Lobbying Urged On Changes To Disability Program
Gov. Ron DeSantis’ administration this week urged advocates for people with disabilities and care providers to start lobbying lawmakers to support a redesign of a key state program for thousands of Floridians with developmental and intellectual disabilities.
Agency for Persons with Disabilities Director Barbara Palmer and Agency for Health Care Administration Secretary Mary Mayhew met Tuesday with advocates and providers and went over 11 recommendations to change the so-called iBudget program. The meeting came a day after the recommendations were submitted to legislative leaders.
While the recommendations would make cost-saving changes --- including capping services --- much of the redesign could shift costs of caring for people with disabilities away from the Agency for Persons with Disabilities and to the Agency for Health Care Administration. Dina M. Justice, whose daughter has developmental disabilities, asked Palmer “what is your plan B” if the Legislature rejects the recommendations.
“I can’t answer what’s going to happen with something like that,” Palmer said. “I can just say you better be down there fighting for it not to happen.”
She added that legislators “have been looking for a solution as well. So I believe you are not going to fall on deaf ears. I think you’re going to be listened to because we are putting something that is reasonable out there. Let’s think positively and educate them and go see them in their districts.”
During the meeting, both agency heads took turns explaining the details of the recommendations to the group of people invited to attend.
While the report didn’t recommend eliminating services, it included imposing limitations on “life services” such as companion services, employment services and adult-day training services. The state would save upward of $2.6 million annually if it limited those services to 48 weeks a year and no more than 30 hours a week. According to the report, about 1,557 people would be affected by the change.
Another recommendation calls for placing a yearly $205,000 individual cap on services in the iBudget program. People who spend more than that would either need to reduce their expenditures to come within the cap or seek institutional care.
“If the costs of an individual’s waiver services exceeds this amount, then the community may not be the most appropriate setting for them to receive their services,” the report said.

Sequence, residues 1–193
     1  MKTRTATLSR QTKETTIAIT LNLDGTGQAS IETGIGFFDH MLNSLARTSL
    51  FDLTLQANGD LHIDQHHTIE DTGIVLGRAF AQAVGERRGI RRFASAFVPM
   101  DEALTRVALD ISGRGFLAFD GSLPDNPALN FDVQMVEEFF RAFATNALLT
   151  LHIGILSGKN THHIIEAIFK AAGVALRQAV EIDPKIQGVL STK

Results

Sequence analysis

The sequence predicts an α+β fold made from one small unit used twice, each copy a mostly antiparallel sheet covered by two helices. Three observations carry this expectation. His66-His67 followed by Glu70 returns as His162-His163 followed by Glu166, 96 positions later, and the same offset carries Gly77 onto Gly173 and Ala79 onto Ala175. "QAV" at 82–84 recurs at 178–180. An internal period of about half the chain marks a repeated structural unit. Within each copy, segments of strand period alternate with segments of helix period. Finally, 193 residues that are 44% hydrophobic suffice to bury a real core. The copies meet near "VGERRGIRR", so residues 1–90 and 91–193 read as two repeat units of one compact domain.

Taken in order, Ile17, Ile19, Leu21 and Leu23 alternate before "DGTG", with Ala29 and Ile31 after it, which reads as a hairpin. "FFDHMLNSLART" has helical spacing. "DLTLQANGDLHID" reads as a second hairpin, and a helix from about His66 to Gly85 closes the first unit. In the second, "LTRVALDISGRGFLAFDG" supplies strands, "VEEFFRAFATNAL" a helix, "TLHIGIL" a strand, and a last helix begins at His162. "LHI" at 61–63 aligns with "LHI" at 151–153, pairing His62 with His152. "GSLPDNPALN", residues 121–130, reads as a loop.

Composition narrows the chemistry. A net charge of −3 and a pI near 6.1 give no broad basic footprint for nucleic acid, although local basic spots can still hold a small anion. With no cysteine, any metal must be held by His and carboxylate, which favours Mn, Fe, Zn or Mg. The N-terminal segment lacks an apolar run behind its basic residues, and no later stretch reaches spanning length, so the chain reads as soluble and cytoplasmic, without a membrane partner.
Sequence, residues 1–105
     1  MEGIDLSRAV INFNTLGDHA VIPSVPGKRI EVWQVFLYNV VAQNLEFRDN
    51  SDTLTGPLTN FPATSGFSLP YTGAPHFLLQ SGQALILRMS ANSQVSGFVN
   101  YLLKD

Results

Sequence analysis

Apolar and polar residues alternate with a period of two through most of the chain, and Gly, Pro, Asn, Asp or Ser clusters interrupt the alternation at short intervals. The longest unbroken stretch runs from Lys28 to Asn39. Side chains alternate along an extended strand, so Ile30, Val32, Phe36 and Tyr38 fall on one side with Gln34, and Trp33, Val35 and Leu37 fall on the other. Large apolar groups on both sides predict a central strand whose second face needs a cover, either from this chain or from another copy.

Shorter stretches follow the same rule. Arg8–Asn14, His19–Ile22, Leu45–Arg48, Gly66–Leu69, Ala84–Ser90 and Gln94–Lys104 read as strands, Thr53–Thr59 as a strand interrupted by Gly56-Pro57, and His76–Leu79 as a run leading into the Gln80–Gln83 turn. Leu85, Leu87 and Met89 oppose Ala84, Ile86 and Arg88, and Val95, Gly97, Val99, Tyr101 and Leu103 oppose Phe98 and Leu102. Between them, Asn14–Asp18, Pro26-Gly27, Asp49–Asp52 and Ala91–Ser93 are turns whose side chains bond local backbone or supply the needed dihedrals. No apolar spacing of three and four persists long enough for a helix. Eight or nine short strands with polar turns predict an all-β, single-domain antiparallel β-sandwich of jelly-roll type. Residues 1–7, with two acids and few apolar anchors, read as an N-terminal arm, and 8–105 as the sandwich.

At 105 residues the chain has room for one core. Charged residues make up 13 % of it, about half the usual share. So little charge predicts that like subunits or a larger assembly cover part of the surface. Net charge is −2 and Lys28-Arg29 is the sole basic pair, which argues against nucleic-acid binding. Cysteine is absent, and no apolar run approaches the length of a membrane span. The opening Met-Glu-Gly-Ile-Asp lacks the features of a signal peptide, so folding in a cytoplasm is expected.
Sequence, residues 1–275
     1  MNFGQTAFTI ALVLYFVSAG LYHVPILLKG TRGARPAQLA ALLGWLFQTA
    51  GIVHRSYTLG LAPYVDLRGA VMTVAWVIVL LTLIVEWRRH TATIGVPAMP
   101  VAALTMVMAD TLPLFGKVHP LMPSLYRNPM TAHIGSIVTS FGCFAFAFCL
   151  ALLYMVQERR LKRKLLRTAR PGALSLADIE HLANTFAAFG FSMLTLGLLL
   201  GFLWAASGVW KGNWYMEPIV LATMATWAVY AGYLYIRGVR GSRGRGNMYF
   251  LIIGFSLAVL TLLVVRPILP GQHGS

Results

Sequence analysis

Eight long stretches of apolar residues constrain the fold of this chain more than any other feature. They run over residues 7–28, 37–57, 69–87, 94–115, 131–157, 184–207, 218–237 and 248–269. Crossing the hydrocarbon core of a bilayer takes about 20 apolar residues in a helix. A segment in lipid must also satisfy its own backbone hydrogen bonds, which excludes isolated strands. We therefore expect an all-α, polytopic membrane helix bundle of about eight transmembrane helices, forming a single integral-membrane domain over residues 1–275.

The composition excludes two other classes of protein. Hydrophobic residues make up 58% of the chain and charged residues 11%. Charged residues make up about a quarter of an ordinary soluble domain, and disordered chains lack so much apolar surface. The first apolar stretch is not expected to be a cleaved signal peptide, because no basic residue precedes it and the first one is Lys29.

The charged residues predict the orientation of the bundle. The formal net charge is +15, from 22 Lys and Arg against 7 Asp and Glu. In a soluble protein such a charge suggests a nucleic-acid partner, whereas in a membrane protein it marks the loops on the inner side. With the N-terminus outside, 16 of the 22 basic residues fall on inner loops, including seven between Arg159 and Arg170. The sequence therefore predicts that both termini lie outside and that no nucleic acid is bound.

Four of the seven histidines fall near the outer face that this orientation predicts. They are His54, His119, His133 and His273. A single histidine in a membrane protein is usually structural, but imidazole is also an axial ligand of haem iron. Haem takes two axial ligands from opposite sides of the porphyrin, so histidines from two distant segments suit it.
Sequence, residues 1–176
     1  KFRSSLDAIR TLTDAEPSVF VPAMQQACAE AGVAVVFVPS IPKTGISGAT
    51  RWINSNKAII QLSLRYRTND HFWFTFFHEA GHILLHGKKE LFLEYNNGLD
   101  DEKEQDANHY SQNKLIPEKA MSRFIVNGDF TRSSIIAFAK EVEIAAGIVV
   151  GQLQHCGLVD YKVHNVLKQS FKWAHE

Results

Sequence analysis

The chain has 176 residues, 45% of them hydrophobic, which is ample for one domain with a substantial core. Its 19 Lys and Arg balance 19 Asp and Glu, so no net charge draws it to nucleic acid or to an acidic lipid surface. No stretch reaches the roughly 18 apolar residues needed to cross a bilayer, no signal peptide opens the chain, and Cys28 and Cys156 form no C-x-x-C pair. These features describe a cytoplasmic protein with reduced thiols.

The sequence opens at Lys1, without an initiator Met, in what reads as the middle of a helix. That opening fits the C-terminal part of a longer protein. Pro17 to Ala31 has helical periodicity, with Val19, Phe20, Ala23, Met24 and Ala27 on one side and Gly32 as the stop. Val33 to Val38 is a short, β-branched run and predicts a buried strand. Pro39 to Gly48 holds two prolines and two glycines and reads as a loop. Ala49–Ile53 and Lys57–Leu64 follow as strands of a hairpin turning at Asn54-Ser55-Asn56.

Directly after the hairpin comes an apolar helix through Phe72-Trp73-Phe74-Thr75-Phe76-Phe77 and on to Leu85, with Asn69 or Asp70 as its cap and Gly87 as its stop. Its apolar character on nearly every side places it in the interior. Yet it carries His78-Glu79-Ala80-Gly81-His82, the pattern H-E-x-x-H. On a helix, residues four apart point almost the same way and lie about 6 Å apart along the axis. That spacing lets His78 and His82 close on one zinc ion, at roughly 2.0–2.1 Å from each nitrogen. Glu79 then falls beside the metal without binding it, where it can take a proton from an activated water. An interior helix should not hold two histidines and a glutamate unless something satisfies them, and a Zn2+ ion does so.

According to 2017-2018 data, 85 people would be affected by the change. If that group of people withdrew from the iBudget program, it would reduce costs by nearly $20 million, but then the burden for care would likely shift over to the Agency for Health Care Administration, which oversees much of Medicaid. If the 85 people stayed in the program and had their services limited to the $205,000 cap, it would save $2.4 million annually.
The iBudget program serves people who have been diagnosed with intellectual disabilities or other disorders, such as severe forms of autism, spina bifida, cerebral palsy or Down syndrome. As of January, the program provided services to more than 34,500 Floridians. Another 21,900 people are on a waiting list.
In the program, participants have individual budgets to spend on the services they require. Budgets are determined using a complex algorithm.
But with the Agency for Persons with Disabilities repeatedly running deficits, the Legislature this year directed it and the Agency for Health Care Administration to develop an alternative services-delivery model.
Though advocates for people with disabilities feared the redesign would include a mandate to get services through managed care, it did not.
Mayhew said the agencies worked closely to examine reasons for the costs of the program, but some of the reasons ---- such as an aging population --- cannot be addressed by placing people in managed care.
“The Legislature has to make very difficult decisions,” Mayhew told reporters after the hour-long meeting. “What we have been focused on in our work is reminding them when Medicaid was first created, it was to serve the elderly, the disabled and extremely low-income families. Individuals with developmental disabilities are the core responsibility and mission of state government.”